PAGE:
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Your Daughter’s Confidence May Drop at Age 8, and Here Are 6 Things You Can Do to Help Her

After your little girl reaches 8 years of age, her confidence will be tested by changes in friendships, her physical appearance, school responsibilities, and more. While we’re aware that these things can have an incredible influence over us, it’s completely new to these young girls. But luckily, there’s a way to help your daughter through it and get her confidence back. It will allow her to become stronger and can even ease her transition into a teenager.

We at Bright Side understand that confidence plays an important role in girls’ lives and without it, they can lower their chances of success. That’s why we’ve prepared a few ways for you to work on this together as a team.

1. Understand the reasons your little girl’s confidence might get lower.

One survey confirmed that 30% of girls’ confidence drops between the ages of 8 and 14. Usually, this is because parents expect perfection from them and are also overprotective. This means you likely want to protect your daughter from her own emotions and not allow her to make mistakes. Even letting her escape from her responsibilities can affect her confidence.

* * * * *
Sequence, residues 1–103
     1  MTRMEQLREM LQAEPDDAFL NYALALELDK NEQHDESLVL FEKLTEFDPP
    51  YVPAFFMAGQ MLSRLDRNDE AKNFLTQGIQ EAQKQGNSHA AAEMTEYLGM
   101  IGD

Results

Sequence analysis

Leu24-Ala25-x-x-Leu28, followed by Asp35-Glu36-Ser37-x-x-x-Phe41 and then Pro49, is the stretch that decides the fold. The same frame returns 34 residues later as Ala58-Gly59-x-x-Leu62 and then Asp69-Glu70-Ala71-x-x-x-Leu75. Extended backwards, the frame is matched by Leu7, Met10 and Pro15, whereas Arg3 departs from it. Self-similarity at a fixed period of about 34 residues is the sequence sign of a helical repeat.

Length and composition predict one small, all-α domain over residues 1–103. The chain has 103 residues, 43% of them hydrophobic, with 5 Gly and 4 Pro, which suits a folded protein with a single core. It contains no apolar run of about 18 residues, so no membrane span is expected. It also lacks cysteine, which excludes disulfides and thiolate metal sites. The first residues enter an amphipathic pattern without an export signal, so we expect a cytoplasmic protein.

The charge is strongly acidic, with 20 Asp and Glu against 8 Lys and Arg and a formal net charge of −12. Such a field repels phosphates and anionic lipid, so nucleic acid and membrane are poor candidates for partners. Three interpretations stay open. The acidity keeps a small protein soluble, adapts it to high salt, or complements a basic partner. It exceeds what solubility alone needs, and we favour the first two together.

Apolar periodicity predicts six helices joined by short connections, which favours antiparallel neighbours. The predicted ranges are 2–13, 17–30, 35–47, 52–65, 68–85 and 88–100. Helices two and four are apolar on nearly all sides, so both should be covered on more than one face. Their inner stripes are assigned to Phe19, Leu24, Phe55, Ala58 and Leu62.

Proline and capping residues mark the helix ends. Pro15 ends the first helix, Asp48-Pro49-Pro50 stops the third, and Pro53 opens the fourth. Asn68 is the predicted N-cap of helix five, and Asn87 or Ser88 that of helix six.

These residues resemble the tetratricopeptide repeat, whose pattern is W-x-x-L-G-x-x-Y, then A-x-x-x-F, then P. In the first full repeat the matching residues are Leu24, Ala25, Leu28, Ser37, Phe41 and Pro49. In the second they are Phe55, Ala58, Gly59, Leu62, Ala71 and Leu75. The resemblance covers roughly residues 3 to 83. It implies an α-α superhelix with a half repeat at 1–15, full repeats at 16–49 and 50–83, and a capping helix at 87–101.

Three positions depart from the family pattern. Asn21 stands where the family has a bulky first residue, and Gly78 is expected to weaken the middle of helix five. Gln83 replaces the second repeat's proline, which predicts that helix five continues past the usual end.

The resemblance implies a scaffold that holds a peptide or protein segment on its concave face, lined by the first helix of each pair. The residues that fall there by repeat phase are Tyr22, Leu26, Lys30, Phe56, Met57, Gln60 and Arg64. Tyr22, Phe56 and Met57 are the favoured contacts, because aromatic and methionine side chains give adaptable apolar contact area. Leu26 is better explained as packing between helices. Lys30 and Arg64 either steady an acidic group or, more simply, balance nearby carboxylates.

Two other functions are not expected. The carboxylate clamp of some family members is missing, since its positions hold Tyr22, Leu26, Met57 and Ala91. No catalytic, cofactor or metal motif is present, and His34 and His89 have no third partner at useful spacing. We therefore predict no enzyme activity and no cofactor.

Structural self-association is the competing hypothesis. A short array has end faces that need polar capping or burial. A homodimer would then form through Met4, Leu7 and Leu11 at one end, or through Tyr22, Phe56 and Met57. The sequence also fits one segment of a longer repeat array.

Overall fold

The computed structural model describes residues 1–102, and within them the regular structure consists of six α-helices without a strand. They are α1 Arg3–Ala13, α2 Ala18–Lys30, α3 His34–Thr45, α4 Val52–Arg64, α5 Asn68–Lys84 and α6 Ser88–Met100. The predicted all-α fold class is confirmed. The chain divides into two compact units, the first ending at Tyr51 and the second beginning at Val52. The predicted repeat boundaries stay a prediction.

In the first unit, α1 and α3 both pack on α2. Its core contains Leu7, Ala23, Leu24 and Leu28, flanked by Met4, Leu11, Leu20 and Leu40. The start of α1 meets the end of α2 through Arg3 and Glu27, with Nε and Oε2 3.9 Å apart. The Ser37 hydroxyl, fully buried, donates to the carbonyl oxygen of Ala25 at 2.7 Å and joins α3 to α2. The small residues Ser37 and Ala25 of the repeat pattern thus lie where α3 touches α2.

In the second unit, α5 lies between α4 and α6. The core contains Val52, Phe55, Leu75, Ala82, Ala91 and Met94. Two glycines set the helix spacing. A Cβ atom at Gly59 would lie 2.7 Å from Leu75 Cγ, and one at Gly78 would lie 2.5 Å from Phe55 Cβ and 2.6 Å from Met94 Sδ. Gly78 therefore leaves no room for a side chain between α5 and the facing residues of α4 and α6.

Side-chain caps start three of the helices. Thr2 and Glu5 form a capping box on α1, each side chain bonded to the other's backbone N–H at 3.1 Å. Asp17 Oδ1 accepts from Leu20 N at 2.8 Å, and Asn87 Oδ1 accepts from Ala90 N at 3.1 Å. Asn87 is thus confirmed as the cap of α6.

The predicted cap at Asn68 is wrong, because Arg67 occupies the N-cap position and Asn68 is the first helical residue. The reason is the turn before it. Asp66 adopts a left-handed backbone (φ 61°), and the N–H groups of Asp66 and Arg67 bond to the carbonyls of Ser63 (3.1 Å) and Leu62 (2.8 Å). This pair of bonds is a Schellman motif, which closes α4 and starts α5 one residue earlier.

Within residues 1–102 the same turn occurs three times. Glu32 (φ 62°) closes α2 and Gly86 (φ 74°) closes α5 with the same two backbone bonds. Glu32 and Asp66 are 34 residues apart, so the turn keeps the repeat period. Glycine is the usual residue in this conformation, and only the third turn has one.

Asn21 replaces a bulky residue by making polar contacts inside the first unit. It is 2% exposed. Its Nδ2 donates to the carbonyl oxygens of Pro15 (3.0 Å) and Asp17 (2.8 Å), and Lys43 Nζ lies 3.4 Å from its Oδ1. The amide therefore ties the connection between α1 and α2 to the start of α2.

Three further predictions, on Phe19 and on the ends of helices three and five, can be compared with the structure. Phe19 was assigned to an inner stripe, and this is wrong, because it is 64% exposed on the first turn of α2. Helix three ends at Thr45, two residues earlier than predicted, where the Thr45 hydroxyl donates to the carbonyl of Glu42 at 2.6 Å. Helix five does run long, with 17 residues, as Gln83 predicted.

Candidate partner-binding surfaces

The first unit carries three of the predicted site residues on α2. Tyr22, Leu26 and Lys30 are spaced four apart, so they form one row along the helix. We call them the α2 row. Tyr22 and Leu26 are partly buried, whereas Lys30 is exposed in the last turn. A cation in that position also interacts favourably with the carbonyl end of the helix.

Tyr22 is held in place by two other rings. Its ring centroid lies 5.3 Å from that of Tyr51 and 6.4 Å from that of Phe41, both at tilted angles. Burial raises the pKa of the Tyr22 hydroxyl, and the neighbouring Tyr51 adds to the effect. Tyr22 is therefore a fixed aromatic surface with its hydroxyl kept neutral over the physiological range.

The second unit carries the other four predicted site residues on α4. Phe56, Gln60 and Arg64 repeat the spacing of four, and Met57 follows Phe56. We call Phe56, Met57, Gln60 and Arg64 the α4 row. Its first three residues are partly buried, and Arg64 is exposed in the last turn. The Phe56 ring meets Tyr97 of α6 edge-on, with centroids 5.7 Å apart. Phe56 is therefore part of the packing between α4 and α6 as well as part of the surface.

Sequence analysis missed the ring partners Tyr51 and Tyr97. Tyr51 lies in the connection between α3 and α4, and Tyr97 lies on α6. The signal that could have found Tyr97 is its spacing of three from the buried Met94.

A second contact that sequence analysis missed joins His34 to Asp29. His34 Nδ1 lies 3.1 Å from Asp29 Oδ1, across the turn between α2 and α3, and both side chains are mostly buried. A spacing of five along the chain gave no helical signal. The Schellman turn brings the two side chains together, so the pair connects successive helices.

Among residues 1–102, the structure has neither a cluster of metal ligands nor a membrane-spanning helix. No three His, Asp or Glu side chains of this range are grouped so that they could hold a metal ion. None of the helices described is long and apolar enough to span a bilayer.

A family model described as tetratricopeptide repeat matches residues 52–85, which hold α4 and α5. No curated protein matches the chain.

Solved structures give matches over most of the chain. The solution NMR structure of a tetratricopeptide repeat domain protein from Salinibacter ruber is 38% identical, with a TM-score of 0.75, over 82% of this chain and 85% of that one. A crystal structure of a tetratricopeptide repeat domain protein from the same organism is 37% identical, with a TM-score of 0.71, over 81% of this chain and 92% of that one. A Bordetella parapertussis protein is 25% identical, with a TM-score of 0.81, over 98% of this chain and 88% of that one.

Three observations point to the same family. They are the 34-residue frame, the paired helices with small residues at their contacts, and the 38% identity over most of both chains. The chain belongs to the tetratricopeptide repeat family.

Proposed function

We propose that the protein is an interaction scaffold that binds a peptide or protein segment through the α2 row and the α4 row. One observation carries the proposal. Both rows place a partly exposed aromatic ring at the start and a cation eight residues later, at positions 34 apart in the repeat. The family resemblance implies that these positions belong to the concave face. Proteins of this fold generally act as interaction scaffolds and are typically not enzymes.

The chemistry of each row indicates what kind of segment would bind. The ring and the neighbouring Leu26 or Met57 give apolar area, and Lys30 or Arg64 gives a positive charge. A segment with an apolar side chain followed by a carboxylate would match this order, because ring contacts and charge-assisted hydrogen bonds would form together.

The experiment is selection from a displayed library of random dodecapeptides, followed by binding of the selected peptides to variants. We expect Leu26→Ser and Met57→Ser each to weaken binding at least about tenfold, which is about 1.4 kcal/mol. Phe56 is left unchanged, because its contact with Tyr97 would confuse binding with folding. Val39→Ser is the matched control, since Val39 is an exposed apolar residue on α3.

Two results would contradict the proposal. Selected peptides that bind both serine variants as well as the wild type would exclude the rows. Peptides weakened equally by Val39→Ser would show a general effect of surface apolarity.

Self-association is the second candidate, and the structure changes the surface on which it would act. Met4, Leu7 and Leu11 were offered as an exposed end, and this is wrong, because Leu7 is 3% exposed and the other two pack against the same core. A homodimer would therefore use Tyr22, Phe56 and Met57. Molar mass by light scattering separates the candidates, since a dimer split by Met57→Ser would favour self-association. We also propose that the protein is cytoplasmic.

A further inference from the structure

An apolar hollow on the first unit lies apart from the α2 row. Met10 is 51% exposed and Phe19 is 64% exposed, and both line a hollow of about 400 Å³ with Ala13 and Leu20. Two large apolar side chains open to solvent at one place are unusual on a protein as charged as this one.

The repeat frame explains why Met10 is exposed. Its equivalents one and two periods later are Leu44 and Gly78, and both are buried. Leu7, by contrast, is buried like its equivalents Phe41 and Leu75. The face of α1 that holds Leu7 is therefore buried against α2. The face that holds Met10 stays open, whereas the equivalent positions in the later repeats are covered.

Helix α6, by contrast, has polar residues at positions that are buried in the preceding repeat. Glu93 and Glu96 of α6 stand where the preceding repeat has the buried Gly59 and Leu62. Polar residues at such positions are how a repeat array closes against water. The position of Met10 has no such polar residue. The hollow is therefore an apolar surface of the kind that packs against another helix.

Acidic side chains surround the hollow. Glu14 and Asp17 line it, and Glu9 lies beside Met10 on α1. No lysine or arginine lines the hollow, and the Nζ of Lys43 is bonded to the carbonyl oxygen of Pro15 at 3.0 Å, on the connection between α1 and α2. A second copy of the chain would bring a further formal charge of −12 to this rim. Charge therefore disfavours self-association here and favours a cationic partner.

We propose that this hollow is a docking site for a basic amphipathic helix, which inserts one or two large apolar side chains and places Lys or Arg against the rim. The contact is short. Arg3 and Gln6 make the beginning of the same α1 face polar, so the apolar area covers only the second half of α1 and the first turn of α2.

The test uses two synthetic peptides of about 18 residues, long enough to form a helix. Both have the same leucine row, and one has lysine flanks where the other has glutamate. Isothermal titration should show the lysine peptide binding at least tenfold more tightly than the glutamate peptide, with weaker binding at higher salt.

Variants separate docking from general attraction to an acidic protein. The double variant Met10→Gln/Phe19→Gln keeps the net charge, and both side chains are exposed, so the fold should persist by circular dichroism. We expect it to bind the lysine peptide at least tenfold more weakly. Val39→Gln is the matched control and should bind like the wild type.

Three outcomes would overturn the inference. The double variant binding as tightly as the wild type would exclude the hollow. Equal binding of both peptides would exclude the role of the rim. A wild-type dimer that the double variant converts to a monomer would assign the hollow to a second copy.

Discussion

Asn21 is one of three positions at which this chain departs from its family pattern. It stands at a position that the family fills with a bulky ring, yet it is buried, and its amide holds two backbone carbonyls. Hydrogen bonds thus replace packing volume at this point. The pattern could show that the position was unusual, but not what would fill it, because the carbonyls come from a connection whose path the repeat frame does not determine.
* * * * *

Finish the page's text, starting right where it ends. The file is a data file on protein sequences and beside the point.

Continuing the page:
2. Let your daughter face her fears.

Even though comfort zones provide growth, this doesn’t mean that if your daughter is good at swimming she should quit taking lessons. It’s your job to encourage her to go beyond her fears. Since this is different for every girl, here’s how you can approach it:

  • Start by looking at her fears. Make a list of possible worst outcomes. This means that these are not likely to happen but she will be ready to deal with them and with easier outcomes.
  • Don’t forget to address her past experiences. Write a list of previous risks too. This one will make her feel braver.
  • Help her to think of a mantra that she will use when that frightening situation comes. It will eventually become her automatic script.

3. Teach her to not give up after a failure.

It’s inevitable: failure will come as it did for all of us. It’s a type of lesson that we get when we take risks, especially when we’re young. But what’s important for your kid is to learn how to move through it and learn that she needs to be ready for the next time.

  • Right after a disaster occurs, change the topic. Don’t push her to analyze what went wrong and don’t assure her that you can fix it. Right now she needs a break because her fear center is on fire. Let her take a break for 30 minutes or 3 hours.
  • Once she’s ready, tell her to fly up in her mind and see the house, school, or town from above. Talk about how she’s seeing the situation from that perspective. This will take the brain out of fear mode and allow her to see things more broadly.
  • The goal is for her to see that failure is not a reason to back up, but rather, to move forward even stronger. Now, together, find a better solution for how to deal with her friends, exams, etc.

4. Tell her to add “maybe” to her stories.

The goal here is to rewire how her brain works and one great way to do this is to teach her to add “maybe” when she explains and analyzes a situation. Here’s how to do it: